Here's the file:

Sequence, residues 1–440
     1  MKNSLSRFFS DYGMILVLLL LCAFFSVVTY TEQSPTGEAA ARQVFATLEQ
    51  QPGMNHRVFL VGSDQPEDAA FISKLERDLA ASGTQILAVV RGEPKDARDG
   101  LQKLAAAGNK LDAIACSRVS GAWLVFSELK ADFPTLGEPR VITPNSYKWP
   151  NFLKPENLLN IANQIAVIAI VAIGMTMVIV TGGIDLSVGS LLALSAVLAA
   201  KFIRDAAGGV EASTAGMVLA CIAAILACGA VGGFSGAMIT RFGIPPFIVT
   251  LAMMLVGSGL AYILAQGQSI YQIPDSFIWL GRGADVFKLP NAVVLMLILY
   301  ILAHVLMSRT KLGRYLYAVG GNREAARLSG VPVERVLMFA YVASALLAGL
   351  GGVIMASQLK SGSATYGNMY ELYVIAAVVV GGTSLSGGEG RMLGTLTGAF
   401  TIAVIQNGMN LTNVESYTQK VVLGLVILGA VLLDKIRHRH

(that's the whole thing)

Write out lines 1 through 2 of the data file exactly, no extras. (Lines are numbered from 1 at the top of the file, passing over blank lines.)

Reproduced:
Sequence, residues 1–440
     1  MKNSLSRFFS DYGMILVLLL LCAFFSVVTY TEQSPTGEAA ARQVFATLEQ